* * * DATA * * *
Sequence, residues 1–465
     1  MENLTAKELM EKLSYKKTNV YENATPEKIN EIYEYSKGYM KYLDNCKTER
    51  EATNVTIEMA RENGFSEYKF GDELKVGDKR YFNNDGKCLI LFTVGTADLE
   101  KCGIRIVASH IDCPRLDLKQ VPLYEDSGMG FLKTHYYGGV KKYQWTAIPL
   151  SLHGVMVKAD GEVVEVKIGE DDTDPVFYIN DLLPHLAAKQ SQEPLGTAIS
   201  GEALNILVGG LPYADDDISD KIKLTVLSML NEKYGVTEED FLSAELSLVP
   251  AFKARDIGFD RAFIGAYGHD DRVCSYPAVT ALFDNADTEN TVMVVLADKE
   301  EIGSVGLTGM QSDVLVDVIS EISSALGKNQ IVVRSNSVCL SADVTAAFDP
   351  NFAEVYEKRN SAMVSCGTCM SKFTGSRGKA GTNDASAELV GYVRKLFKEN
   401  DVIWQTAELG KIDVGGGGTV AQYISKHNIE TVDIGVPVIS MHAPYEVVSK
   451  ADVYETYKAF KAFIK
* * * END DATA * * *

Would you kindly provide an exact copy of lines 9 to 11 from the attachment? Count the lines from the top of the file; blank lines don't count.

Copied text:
   351  NFAEVYEKRN SAMVSCGTCM SKFTGSRGKA GTNDASAELV GYVRKLFKEN
   401  DVIWQTAELG KIDVGGGGTV AQYISKHNIE TVDIGVPVIS MHAPYEVVSK
   451  ADVYETYKAF KAFIK